This paper is an analysis of the following argument that denies the possibility of rationality in religious faith:
Rational belief is belief that is proportioned to the evidence. Religious faith is belief that is unsupported by the evidence. C) Therefore, religious faith is never rational. To assess this argument properly, a number of key assumptions need to be examined and critiqued. First, premise 1 implies without explanation a nature of belief that allows for proportionality.
Antony Flew is famous for a few things. Among them is an allegory he included in an essay originally published in 1955, called “Theology and Falsification”. As the title implies, Flew attacks religious belief from a position that would have been familiar to someone like Bertrand Russell or A. J. Ayer, and is today is recognizable as a stock materialist criticism. Let’s have a look at the parable, and Flew’s reasoning from it, to see exactly why he’s wrong.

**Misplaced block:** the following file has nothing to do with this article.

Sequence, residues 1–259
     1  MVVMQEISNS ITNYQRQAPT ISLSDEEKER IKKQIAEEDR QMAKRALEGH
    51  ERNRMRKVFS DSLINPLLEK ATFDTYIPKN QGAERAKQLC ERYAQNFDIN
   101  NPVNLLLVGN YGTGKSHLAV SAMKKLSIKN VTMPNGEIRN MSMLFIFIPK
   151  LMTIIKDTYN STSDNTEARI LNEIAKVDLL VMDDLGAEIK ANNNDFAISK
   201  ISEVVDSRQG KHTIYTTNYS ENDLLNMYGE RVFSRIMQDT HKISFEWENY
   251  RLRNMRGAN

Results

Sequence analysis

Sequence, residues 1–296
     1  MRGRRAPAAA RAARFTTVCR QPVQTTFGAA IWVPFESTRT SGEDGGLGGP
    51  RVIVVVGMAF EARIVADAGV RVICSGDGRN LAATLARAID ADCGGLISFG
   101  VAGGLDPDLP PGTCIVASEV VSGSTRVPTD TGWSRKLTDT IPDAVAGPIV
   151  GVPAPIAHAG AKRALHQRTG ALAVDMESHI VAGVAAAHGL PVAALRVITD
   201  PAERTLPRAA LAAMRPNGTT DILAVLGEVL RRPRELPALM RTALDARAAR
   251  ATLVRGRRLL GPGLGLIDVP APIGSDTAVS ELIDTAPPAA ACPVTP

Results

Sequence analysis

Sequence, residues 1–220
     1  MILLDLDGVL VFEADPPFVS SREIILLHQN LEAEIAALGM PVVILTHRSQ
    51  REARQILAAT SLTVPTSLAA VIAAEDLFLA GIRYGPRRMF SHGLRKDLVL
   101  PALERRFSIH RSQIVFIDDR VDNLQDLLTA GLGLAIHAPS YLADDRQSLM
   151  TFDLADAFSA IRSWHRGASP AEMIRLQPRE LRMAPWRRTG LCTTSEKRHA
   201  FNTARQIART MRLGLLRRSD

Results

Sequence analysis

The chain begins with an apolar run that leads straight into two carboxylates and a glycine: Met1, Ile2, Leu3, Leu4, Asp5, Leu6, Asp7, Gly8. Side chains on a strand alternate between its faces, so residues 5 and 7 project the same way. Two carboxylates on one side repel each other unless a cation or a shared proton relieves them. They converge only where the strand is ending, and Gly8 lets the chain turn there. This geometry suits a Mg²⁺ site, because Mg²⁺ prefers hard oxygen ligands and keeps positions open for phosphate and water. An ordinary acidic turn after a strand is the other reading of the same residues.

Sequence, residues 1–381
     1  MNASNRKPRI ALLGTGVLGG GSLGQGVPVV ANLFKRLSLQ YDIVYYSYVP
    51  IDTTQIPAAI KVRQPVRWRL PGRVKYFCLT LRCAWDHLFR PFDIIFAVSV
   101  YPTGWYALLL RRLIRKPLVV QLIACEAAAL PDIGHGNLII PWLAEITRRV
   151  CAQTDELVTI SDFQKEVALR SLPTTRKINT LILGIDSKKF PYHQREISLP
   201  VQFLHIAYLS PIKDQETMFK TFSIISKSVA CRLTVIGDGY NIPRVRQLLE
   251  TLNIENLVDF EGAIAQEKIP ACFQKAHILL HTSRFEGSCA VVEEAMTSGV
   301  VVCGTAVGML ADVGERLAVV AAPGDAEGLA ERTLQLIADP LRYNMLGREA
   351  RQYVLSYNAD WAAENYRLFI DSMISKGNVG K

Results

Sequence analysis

The story of Christ’s betrayal and crucifixion involves the Roman empire. The fifth presiding governor over the territory of Judea incorporating the Hebrew tribes, was Pontius Pilate. Pilate is often quoted in undergraduate philosophy for asking Christ, “what is truth?”. He’s also often cited in pastoral homilies for his choice to “wash his hands” of the guilt of Christ’s crucifixion.
For most, this is thought to be the central moment of choice in the Pilate story.